Edell is a quiet guy and soft spoken, so the fact that he does not get much attention from minor league fanboys does not mean much to him. In fact, he probably prefers it. He is very much the definition of what a low-key player is all about, and even takes that approach with his pre-game preparation by sitting quietly in his locker reading a book to put his mind at ease before a game.But while Edell goes about his business in a quiet manner, he is making a lot noise and establishing himself as a legitimate left-handed pitching prospect in the Indians organization. A quiet guy making noise may in fact be an oxymoron, but his numbers speak volumes.Edell had a breakout season last year at advanced Single-A Kinston where he went 11-6 with a 3.70 ERA in 31 games (17 starts). He put up good numbers across the board showing good control (2.29 BB/9) and had a penchant for getting strikeouts (8.06 K/9). He used last season as a springboard into this year at Akron where even though he has been inconsistent with his performance from start to start, he has still had a solid year so far going 6-8 with a 3.96 ERA in 25 starts. With all the roster movement and turnover in regard to the Akron pitching staff this year, Edell has been a rock all year and has shown increased command (1.35 BB/9) although he has had a little more trouble missing some bats (6.0 K/9).Since the All Star break Edell has shined going 1-3 with a 3.12 ERA in seven starts, and since July 1st he is 3-3 with a 2.58 ERA in ten starts."It has been better [of late]," said Edell in a recent interview at Canal Park. "I had kind of been up and down with a couple good outings and a couple bad outings. I feel like I am getting more consistent lately and feel good about that right now."Akron manager Mike Sarbaugh agrees and likes what he has seen from Edell this year."His fastball command has been outstanding, and he has showed good control and the ability to spot it to get ahead of hitters," said Sarbaugh. "He is working on his secondary stuff to get more consistent with it and throw it for strikes, and he has really been making some good adjustments with it and improvements in repeating his delivery. He just has a good ability to attack hitters and make them put balls in play early in counts."While Edell has done a good job as a starter, he probably best profiles as a major league left-handed reliever. He has had limited experience pitching out of the bullpen, with last season being the first time he had pitched out of the bullpen in his professional career. He had some prior experience in the bullpen pitching in the Alaska Summer League when he came out of college, but other than that he has always been a starter.Edell has no preference what role he ends up in as long as it helps him get to the big leagues."Honestly, I don't really have any preference," said Edell. "I just like pitching and however they can use me is fine with me as I would just like to make it up there in any capacity which would be fine with me."Edell has a three pitch mix of a fastball, slider and changeup. His fastball only sits around 90-91 MPH, but he piles up strikeouts, pitches effortlessly and is composed when pitching in tight spots. He is versatile enough where he could remain a starter or move to the bullpen depending on where the Indians need him as his slider can attack lefties and his changeup is good enough to be effective against righties. He has a very professional delivery, repeats his delivery well, and drives his fastball into the zone and in on the hands of the batter with ease.His bread and butter pitch used to be a devastating curveball which was rated the best in the 2005 Draft and is a major league out pitch, but he lost the feel for it upon coming into the Indians organization and stopped throwing it. He recently has done some work to try and add his curveball back into his pitching mix."This year I am trying to re-incorporate a curveball," said Edell. "I had a curveball my first year that worked pretty well that I lost feel for and went to a slider which has been going well. So I am trying to get the curveball back and try to be the whole package again."In addition to his finding his lost curveball, Edell is also working hard with Akron pitching coach Tony Arnold to improve his mechanics so he keeps the ball down."I am just really trying to throw in the bottom half of the zone this year," said Edell. "My main problem has been leaving some elevated pitches over the plate that has gotten me hurt some. So that has been my main concern this year."Edell was taken in the 8th round of the 2005 Draft out of The College of Charleston, but ended up missing most of the 2006 season with a sprained ulnar collateral ligament. At Single-A Lake County that year he pitched in only six games (18.1 innings) and went 0-1 with a 3.44 ERA. As a result of the short work load in 2006, Edell gained some experience in the bullpen late in the year last season to limit his innings and save his arm from overwork.The UCL sprain was a scary injury for Edell that could have been a lot worse. Had the ligament been torn, he would have had to undergo Tommy John surgery and thus would have had almost two seasons of development wiped out. Instead he ended up missing a few months of the season and was able to come back late in the year and make up some innings in the Arizona Fall League."I was just happy it was a sprain and not a tear," said Edell. "I was down for four months instead of a year and a half. I am really focused on my conditioning to make sure that doesn't happen again. It actually opened up the door to pitch in the fall league. I think one of our players went down so that opened up a spot for me since I did not pitch that much that year."Edell was born in Boston, MA and now resides in Lexington, MA, so he grew up a huge Red Sox fan. He knows there is a conflict of interest with that now that he is a professional baseball player in another organization, and most importantly that Indians fans are not big fans of the big market teams like the Red Sox and Yankees.When asked if he was still a Red Sox fan, Edell laughed and replied, "I used to be."Smart man.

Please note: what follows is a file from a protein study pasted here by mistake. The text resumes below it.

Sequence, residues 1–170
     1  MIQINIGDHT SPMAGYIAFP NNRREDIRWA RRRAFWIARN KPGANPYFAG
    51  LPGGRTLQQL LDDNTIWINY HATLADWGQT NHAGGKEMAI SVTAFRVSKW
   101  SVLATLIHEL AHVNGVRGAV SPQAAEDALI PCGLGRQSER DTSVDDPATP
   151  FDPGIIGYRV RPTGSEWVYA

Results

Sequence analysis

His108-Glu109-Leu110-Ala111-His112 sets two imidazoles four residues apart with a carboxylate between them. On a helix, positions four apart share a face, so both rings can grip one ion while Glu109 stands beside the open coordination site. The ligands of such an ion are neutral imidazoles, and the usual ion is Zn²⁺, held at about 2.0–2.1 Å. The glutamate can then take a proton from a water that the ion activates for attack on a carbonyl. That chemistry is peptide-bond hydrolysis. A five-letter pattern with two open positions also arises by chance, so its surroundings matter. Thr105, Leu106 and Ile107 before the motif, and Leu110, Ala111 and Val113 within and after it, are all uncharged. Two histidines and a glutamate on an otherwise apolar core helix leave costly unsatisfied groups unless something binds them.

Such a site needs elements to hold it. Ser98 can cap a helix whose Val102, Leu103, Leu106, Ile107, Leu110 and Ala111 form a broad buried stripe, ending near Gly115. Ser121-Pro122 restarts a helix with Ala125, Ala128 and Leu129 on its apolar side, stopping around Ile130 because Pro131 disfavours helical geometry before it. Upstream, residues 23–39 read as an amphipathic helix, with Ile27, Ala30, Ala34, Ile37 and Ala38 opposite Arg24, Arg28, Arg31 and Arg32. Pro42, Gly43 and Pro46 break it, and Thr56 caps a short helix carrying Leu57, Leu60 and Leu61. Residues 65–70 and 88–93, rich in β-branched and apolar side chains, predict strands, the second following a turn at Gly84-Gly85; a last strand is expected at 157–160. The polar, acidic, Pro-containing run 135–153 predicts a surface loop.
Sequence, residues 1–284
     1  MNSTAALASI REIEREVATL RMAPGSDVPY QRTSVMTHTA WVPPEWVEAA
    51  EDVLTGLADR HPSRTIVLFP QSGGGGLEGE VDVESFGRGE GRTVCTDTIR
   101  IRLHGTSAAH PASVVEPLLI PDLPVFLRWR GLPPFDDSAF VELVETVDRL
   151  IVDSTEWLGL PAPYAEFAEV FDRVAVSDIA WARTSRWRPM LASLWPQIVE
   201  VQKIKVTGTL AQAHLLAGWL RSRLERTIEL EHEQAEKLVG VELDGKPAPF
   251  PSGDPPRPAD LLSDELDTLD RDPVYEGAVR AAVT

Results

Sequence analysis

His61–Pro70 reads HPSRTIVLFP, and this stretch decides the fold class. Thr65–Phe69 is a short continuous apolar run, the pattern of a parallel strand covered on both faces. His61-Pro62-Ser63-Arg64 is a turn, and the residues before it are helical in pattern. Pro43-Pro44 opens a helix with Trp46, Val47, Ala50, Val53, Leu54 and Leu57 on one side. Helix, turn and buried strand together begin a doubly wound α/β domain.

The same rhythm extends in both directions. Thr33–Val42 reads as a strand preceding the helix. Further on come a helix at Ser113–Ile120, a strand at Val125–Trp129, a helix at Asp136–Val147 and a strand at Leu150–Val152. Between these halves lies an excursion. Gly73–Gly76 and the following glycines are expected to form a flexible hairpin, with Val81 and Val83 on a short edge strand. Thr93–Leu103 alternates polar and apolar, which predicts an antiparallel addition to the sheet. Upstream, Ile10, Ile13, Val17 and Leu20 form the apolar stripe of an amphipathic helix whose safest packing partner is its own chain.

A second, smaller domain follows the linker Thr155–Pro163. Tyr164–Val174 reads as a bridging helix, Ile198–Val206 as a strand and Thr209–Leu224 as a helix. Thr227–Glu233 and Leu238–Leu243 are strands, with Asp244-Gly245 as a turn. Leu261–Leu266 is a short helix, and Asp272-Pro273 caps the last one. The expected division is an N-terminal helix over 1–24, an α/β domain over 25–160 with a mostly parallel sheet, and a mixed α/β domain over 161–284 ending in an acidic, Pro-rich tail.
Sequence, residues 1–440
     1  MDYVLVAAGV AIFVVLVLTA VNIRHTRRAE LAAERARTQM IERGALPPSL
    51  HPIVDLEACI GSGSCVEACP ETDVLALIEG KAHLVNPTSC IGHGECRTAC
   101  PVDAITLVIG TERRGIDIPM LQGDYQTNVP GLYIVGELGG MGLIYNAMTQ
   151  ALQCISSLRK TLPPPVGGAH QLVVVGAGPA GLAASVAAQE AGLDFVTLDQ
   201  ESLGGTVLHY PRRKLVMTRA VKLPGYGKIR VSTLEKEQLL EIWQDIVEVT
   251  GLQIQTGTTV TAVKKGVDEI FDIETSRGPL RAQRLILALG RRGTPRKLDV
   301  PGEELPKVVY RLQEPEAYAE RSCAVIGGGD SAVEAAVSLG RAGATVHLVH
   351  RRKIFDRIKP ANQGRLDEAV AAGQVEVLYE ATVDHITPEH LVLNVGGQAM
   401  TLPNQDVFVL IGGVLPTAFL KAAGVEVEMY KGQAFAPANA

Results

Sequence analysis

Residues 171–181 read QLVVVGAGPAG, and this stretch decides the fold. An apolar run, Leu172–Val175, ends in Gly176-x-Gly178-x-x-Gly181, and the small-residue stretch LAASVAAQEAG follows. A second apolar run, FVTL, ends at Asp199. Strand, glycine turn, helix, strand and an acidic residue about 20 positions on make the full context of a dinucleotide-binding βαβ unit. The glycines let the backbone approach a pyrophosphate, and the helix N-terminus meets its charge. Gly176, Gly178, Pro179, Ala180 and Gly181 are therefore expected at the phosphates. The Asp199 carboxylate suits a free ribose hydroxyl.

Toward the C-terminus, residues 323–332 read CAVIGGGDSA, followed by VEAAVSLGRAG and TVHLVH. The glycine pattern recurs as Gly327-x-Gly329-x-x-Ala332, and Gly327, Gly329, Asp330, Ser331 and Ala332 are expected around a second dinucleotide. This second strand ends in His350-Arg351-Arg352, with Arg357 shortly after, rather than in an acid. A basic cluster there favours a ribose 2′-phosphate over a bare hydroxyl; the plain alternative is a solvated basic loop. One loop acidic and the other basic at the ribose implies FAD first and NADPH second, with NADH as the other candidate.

Photos courtesy of Ken Carr